PSR B1509-58 (hereafter PSR B1509) is a young (about 1600 years old) spin-down powered pulsar with a period of about 150 ms and a surface magnetic field of ~1.5 × 1013 G, which is much stronger than those of most of the canonical pulsars (~1012 G). Multi-wavelength observations show that, from 0.1 keV to 10 MeV, PSR B1509 has a wide single peak (Matz et al. 1994, Kuiper et al. 1999, Cusumano et al. 2001 e.g.), when
Here we give explanations for the spectrum and the energy dependent light curves of the X-ray and soft γ-ray radiations of the spin-down powered pulsar PSR B1509, based on the outer gap model. Cheng et al. (2000) showed that most electron/positron pairs created inside the outer gap are produced near the null charge surface, the strong electric field inside the gap separates the opposite charges to move in opposite directions. Therefore from the null charge surface to the light cylinder the radiation is mainly outward, and from the null charge surface to the star the radiation is mainly inward. Since the light cylinder of PSR B1509 is much bigger than that of the Crab pulsar, most outflow curvature photons can escape from photon-photon pair creation. If the line of sight is in the direction of outgoing radiation beam, the spectrum of PSR B1509 should be a characteristic pulsar spectrum, namely a power law with exponential cut-off spectrum as predicted by Wang et al. (2010). Obviously this conflicts with the observation. Therefore, we propose that the viewing angle of PSR B1509 is in the direction of incoming radiation beam, where the hundreds MeV curvature photons are converted into pairs by the strong magnetic field. The observed X-rays and soft γ-rays are synchrotron radiation of these pairs.
We trace the field lines in the gap from the stellar surface to the light cylinder. At each step
in the field line, we calculate the Lorentz factor of the particle, the pulse phase
If the radiation satisfies |
Where are the GeV curvature photons?
[Fig. 1.] Left: The simulated phase averaged spectrum of PSR B1509, comparing with the observed data provided by EGERT (triangles), COMPTEL (circles, Kuiper et al. 1999), AGILE (filled squares, Pilia et al. 2010), Fermi (diamonds, Abdo et al. 2010), ASCA (dot line, Saito et al. 1997), Ginga (dot-dashed line, Kawai et al. 1992), OSSE (long-dashed line, Matz et al. 1994), Welcome (dot-dot-dashed line, Gunji et al. 1994), and RXTE (short-dashed line, Marsden et al. 1997). Right: The simulated energy dependent light curves in the pulse phase and energy plane. The darkness represents the percentage of the number of the photons of certain pulse phase interval, in the total number of photons of certain energy range.
The magnetosphere of PSR B1509 can generate GeV γ-ray photons by accelerating the charged particles in the outer gap, as well as other γ-ray spin-down powered pulsars. However, these outgoing curvature photons are missed by our line of sight.
Why is the cut-off energy of the spectrum so low?
This is due to the absorption of the magnetic field. The magnetic field of PSR B1509 converts not only the curvature photons emitted by the incoming particles to pairs, but also part of the synchrotron photons emitted by these pairs.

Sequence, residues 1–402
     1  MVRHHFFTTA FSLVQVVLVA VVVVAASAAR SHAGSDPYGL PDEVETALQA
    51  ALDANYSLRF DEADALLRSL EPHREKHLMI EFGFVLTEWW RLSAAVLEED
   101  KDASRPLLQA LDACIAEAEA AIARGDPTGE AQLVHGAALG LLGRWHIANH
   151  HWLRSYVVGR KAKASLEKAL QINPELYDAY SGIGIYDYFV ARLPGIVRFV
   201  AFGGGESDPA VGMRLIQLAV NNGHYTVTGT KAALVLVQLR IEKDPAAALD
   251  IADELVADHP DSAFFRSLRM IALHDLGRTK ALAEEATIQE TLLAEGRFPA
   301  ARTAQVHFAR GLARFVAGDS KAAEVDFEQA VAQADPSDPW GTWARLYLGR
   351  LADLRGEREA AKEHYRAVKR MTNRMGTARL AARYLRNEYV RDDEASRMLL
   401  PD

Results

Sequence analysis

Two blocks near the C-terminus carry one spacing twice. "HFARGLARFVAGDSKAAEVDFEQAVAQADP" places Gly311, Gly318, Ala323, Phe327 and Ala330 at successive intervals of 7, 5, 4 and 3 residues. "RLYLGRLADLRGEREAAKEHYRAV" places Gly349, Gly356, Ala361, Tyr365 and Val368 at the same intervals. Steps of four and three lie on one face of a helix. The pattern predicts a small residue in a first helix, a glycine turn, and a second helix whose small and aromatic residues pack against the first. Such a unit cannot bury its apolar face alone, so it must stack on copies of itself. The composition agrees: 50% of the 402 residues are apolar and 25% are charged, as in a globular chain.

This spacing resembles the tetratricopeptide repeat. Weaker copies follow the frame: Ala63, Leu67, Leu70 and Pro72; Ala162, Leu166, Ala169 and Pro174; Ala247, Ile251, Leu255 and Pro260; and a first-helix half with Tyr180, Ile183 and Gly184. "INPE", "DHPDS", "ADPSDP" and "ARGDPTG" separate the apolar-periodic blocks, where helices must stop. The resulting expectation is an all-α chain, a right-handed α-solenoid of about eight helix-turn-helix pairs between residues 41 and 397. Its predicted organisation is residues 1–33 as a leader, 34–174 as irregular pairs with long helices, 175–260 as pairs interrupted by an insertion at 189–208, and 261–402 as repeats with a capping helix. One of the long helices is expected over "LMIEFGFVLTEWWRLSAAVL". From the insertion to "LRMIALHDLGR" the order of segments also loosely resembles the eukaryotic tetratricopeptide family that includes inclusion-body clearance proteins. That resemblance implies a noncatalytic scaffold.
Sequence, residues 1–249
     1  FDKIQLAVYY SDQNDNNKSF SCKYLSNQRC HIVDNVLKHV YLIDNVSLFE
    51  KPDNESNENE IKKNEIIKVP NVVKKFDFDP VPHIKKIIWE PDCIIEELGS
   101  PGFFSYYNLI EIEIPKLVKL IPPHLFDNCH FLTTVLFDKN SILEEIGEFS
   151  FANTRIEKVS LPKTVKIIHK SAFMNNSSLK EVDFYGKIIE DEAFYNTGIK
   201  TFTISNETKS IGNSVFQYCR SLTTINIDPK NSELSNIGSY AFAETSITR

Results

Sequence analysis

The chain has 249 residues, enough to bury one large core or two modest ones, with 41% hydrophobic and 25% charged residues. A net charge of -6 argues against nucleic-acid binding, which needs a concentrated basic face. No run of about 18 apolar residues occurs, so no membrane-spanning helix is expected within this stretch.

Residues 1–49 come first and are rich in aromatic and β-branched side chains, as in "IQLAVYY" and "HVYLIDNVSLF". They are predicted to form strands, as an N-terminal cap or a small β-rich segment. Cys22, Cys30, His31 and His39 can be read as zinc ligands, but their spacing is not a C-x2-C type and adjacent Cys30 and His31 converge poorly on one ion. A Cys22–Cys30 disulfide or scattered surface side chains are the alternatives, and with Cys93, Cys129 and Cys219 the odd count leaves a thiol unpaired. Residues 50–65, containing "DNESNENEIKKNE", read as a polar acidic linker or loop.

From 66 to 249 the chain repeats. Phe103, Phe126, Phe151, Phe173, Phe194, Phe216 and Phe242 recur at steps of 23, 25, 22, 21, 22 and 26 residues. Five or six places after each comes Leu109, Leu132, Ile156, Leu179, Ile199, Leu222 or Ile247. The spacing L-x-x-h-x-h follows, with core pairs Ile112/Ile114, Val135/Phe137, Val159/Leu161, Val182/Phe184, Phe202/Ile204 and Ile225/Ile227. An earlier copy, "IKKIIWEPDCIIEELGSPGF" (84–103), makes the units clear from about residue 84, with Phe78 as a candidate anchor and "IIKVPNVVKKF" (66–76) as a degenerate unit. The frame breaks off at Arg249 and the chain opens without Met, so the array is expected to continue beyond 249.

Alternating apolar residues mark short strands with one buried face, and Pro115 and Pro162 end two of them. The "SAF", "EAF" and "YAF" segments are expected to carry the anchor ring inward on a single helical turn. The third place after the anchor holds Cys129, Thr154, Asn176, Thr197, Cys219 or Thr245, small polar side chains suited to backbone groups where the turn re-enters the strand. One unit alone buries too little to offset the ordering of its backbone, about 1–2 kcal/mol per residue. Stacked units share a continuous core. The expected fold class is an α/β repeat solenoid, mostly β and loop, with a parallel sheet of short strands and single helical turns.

Why is there a second peak at phase ~0?
The second peak of PSR B1509 is the synchrotron radiation emitted by the pairs with smaller pitch angles, which are converted from the the curvature photons with higher energy emitted from the region of 20Rs < r < 30Rs. For a fixed birth place, the curvature photons with higher Ecur become pairs earlier. These photons with higher energy can become pairs under smaller pitch angle θp, and the pairs are generated further from the star. If a synchrotron photon is emitted further from the star, it has higher chance to survive from the absorption of the magnetic field. When β < α, the pulse phase of the synchrotron radiation is closer to 0 when the pitch angle is smaller, and closer to 0.5 when the pitch angle is larger.
Why does the second peak show up when energy increases?
If the particle is made via the magnetic pair creation,
[Fig. 2.] The simulated energy dependent light curves (grey histograms), comparing with the observed data (solid lines), which are provided by Fermi (Abdo et al. 2010), AGILE (Pilia et al. 2010), COMPTEL (Kuiper et al. 1999), OSSE (Matz et al. 1994) and BeppoSAX (Cusumano et al. 2001).
the typical energy of its synchrotron radiation is proportional to the energy of its original curvature photon. The curvature photon with higher energy can become pair under smaller pitch angle, which leads to a pulse to phase close to 0. Therefore, for the same birth place of the curvature photons, if the viewing angle is smaller than the inclination angle, the observed spectrum of the synchrotron radiation, whose pulse phase is closer to 0, has higher cut-off energy.
The line of sight of PSR B1509-58 is in the direction of incoming beam instead of outgoing beam, otherwise a characteristic power law with exponential cut-off spectrum with cut-off energy around a few GeV should be observed. In order to avoid seeing the outgoing flux and fit the observed multi-wavelength light curves we need to choose incliantion angle = 20° and viewing angle = 11°. The observed spectrum is the synchrotron radiation emitted by the pairs produced by the magnetic field that converts the major part of the incoming curvature photons. We find that the differences between the light curves of different energy bands are due to the different pitch angles of the secondary pairs, and the second peak appearing at